Chiropractic treatment of spinal disk herniations

Neck and back pain stemming from spinal disk herniations is one of the most common as well as costliest conditions in the United States healthcare landscape. Approximately 14% of the population experiences neck pain every year and 85% are expected to encounter back pain sooner or later in their lifetimes. The cost of spinal related pain exceeds $85 a year in the U.S. alone. The treatment usually involves painkillers, anti-inflammatories, and muscle relaxants, and failing that, spinal surgery. However, the low rate of effectiveness doesn’t seem to be justifying the elevated cost.

That poor cost-to-success ratio has not gone unnoticed by the University of Pittsburgh Medical Center (UPMC), whose Health Plan teamed with the University’s School of Medicine in order to find more cost-effective ways to improve spinal care healthcare. For almost a year now, UPMC has enforced a clinical program that emphasizes chronic low back pain treatment. The protocol establishes that surgical emergencies are top priority, but that any other lower back surgery would have to meet several conditions before being authorized. Those conditions are completing UPMC Health Plan’s low back pain health coaching program and, more importantly, unsuccessfully undergoing a three-month course of conservative management, which includes physical therapy, chiropractic therapy, and medication.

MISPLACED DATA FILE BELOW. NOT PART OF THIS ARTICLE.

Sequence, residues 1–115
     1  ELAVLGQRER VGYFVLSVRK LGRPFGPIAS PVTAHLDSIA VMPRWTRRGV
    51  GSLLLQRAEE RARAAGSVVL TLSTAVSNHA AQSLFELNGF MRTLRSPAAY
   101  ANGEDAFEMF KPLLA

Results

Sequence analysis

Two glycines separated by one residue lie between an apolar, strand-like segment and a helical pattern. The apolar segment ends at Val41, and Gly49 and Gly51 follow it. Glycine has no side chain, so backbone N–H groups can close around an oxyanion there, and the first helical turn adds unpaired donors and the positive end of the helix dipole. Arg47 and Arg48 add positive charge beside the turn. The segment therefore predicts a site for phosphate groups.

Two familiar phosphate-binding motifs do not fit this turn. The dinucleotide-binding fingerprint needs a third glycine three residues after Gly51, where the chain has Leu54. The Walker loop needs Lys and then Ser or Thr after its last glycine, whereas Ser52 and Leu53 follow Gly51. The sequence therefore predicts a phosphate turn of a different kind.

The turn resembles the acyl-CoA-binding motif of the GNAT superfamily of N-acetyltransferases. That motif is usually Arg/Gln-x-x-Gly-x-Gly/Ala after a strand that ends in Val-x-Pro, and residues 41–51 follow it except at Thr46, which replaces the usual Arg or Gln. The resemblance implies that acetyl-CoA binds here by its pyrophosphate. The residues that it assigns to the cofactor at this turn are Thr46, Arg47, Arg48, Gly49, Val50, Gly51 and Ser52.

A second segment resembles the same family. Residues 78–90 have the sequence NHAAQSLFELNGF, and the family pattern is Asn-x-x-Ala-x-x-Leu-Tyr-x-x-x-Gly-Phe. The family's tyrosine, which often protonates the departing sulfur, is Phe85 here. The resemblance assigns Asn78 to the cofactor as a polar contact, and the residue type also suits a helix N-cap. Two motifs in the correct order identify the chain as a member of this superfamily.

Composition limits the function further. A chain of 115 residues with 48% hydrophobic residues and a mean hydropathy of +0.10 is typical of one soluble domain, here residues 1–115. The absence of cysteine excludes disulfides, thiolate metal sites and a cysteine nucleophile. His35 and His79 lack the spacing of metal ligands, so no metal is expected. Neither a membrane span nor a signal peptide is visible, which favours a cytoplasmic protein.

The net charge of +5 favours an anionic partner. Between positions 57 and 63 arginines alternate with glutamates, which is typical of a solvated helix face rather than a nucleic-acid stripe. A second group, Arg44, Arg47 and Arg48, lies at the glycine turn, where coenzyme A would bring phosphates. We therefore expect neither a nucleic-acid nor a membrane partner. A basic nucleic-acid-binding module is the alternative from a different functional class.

This guideline was determined using evidence-based literature, such as that authored by Dr. Cynthia Peterson at Orthopedic University Hospital Balgrist in Zürich, Switzerland. In early 2013 Dr. Peterson published a study on low back disk protrusions, comparing chiropractic spinal manipulation patient results and the nerve root injections frequently used to treat low back disk protrusion symptoms. The intensity of pain of the 102 patients –divided into age and sex-matched groups- was measured before each treatment, and once again one month later. Over 75% of the patients treated with chiropractic care reported feeling better or much better, versus 62% of those who were administered nerve root injections. The cost for chiropractic care was $558.72, while the injections cost $729.61.

Dr. Peterson followed that study with another one involving 50 patients with neck pain that radiated into the arm caused by disk herniation in the neck.  After two weeks of high-velocity, low-amplitude spinal manipulations, 55% of the patients reported improvement, followed by 68% after four weeks, and 85% after 12 weeks. Despite the fact that these studies only confirm the long-standing positive effects of chiropractic care, both cost-wise and time-wise, UPMC is the first leading medical college to mandate that their patients consult a chiropractor as a pre-requisite before surgery. Only time will tell if others join this initiative. 

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